|• Total||43.83 km2 (16.92 sq mi)|
|• Density||537.39/km2 (1,391.8/sq mi)|
|Time zone||CET (UTC+1)|
|• Summer (DST)||CEST (UTC+2)|
Szentendre (Croatian: Senandrija, Serbian: Сентандреја, Sentandreja) is a riverside town in Pest county, Hungary, near the capital city Budapest. It is known for its museums (most notably the Open-Air Ethnographic Museum), galleries, and artists.
Due to its historic architecture and easy rail and river access, it has become a popular destination for tourists staying in Budapest. There are many facilities, including souvenir shops and restaurants, catering to these visitors.
The name of the town is ultimately based on the Medieval Latin form Sankt Andrae (English: St.Andrew). Because of the diverse mix of nations to have once settled in Szentendre, the settlement has a variety of names according to language. The Hungarian name for the town is Szentendre; the German name is Sankt Andrä; in Serbian, the name is Sentandreja (Serbian Cyrillic: Сентандреја); the Slovak name is Svätý Ondrej.
Populated for well over a millennium in ancient times, under the Romans it was called Ulcisia Castra, meaning Wolf Castle for their fort.
Since the Middle Ages, Szentendre and the surrounding villages had also been settled by many Bulgarians. In 1690, the Serbian teacher and hegumen Stevan wrote that Szentendre was called Bolgarija by some. The Bulgarian neighbourhood included Catholic settlers from Chiprovtsi and a Roman Catholic "Chiprovtsi church" (Csiprovacska templom). The names of many locals show Bulgarian ancestry.
Since the 16th century, the town was considered the center of the Serb community in this part of Hungary. At one point it had as many as eight Serbian Orthodox church buildings and three chapels, and only one each Roman-Catholic and Evangelical. It is still the see of the Buda Diocese of the Serb Orthodox Church.
In the 18th century, after liberation from the Ottomans, the Crown recruited farmers and artisans from Germany and southern Slavs to repopulate areas that had been occupied by the Ottomans. Szentendre enjoyed a rebirth, with new settlers including Serbian, Croatian, Slovak, and Greek immigrants, who settled alongside the Magyar residents. According to the 1720 data, 88% of the population of the town were South Slavs (mostly Serbs, but also some South Slavic Catholics). The town to this day is characterised by southern European elements, including baroque architecture, churches of various faiths, narrow sidestreets, and cobblestone roads.
Szentendre has been the home of many generations of Hungarian artists since the early 20th century. There are many museums and contemporary galleries representing the rich traditions of the visual art.
- List of art museums
- Margit Anna - Imre Ámos Collection
- Jenő Barcsay Collection
- Béla Czóbel Museum
- Károly Ferenczy Museum, devote to the founder of Hungarian modernism and his family
- János Kmetty Museum
- Margit Kovács Ceramic Collection
- Lajos Vajda Museum
- Szentendre Gallery
- Gallery of the Artists' Colony
- List of contemporary galleries
- Aktív Art Gallery
- Gallery Erdész
- Műhely Gallery (Hungarian: Műhely Galéria)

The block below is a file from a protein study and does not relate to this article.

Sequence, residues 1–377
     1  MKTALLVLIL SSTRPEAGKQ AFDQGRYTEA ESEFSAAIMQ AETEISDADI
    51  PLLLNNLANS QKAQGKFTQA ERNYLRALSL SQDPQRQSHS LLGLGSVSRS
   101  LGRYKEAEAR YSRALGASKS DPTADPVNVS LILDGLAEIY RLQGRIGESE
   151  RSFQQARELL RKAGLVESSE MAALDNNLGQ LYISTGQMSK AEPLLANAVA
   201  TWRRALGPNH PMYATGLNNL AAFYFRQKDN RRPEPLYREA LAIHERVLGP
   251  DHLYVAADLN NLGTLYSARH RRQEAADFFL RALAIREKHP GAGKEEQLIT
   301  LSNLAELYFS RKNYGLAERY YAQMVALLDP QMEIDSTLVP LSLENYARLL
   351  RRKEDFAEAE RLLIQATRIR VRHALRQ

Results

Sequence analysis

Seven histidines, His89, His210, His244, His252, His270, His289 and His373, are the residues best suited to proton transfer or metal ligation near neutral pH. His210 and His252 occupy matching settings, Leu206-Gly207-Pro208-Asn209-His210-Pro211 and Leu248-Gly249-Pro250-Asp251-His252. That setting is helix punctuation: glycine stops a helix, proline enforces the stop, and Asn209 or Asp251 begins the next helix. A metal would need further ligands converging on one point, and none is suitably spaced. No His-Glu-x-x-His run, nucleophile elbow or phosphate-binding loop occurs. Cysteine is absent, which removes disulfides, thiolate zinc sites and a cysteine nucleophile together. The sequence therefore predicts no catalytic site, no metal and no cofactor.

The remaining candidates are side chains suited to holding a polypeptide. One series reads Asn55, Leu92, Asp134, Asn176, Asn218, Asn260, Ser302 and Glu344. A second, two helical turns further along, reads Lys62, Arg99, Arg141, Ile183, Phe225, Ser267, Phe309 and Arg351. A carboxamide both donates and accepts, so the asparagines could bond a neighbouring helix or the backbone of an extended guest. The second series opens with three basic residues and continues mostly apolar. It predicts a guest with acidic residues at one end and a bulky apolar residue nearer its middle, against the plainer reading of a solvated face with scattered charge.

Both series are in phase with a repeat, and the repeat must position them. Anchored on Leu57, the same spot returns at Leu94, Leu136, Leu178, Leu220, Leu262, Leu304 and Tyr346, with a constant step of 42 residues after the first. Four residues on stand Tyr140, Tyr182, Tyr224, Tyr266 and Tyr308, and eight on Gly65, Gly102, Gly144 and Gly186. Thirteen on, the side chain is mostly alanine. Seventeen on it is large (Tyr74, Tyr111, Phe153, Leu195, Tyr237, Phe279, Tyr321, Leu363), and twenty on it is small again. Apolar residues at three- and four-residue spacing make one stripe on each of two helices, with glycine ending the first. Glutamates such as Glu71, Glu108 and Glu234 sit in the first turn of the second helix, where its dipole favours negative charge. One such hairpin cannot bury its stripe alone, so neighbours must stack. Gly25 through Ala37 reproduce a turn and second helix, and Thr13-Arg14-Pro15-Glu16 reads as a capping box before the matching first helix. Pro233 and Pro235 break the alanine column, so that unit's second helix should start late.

- Palmetta Design Gallery
- ArtUnio Gallery
- Vajda Lajos Studio
People from Szentendre
- Jakov Ignjatović, famous Serbian 19th century novelist and prose writer
- Gavril Stefanović Venclović, early 18th century Serbian poet, writer, enlightener, orator and painter of church icons
- Jovan Avakumović (poet) was born in 1748 in Szentendre during the Enlightenment, producing works in verse in Serbian vernacular.
- Evgen Dumča
- Jelena Bozda
- Avakum Avakumović
- Sima Ignjatović
- Pavle Sofrić
- Béla Apáti Abkarovics was a Hungarian painter of Serbian roots, born at Erdmihályfalva, but lived and worked in Szentendre
In the 18th century Szentendre had Serb majority, but in the 19th century they dropped to minority due to one-child family model, ethnic Germans followed the decadent Serb community. By the late 19th century rapidly growing Hungarians became the dominant ethnic group, assimilated Germans and the remaining Serbs too. In 2001, Szentendre had 22,747 inhabitants, of whom there were 21,001 ethnic Hungarians, 225 Germans, and only 100 Serbs.
- Magyars - 92.3%
- Germans - 1%
- Slovaks - 0.6%
- Romani - 0.5%
- Serbs - 0.4%
- Others - 1%
- No answer, unknown - 4.2%
- Roman Catholic - 49.3%
- Calvinist - 13.5%
- Lutheran - 2%
- Greek Catholic - 1.4%
- Others (Christian) - 1.2%
- Others (non-Christian) - 0.3%
- Atheist - 16.9%
- No answer, unknown - 15.4%
Twin towns - Sister cities
Szentendre is twinned with:
- Károly Kocsis (DSc, University of Miskolc) – Zsolt Bottlik (PhD, Budapest University) – Patrik Tátrai: Etnikai térfolyamatok a Kárpát-medence határon túli régióiban + CD (for detailed data), Magyar Tudományos Akadémia (Hungarian Academy of Sciences) – Földrajtudományi Kutatóintézet (Academy of Geographical Studies); Budapest; 2006.; ISBN 963-9545-10-4
- Király, Péter (2002). Die Čiprovecer in Ungarn (in German). Budapest: ELTE Szláv Intézet.
- Dr. Dušan J. Popović, Srbi u Vojvodini, knjiga 2, Novi Sad, 1990.
- Illyés Gyula: Pusztulás ("Dissolution"), 1933
- "Kalisz Official Website - Twin Towns". (in English and Polish) 2005-2008 Urząd Miejski Kalisz. Retrieved 2008-11-29.
|Wikimedia Commons has media related to Szentendre.|
- Welcome to Szentendre (Official)
- Szentendre in Olden Times and Today
- Szentendre in English
- Travel Information (rec.org)
- Hungarian Open Air Museum
- Link Collection (Hungarian Only)
- Business Link Collection (Hungarian Only)
- Szentendre at funiq.hu
- Szentendre travel guide from Wikivoyage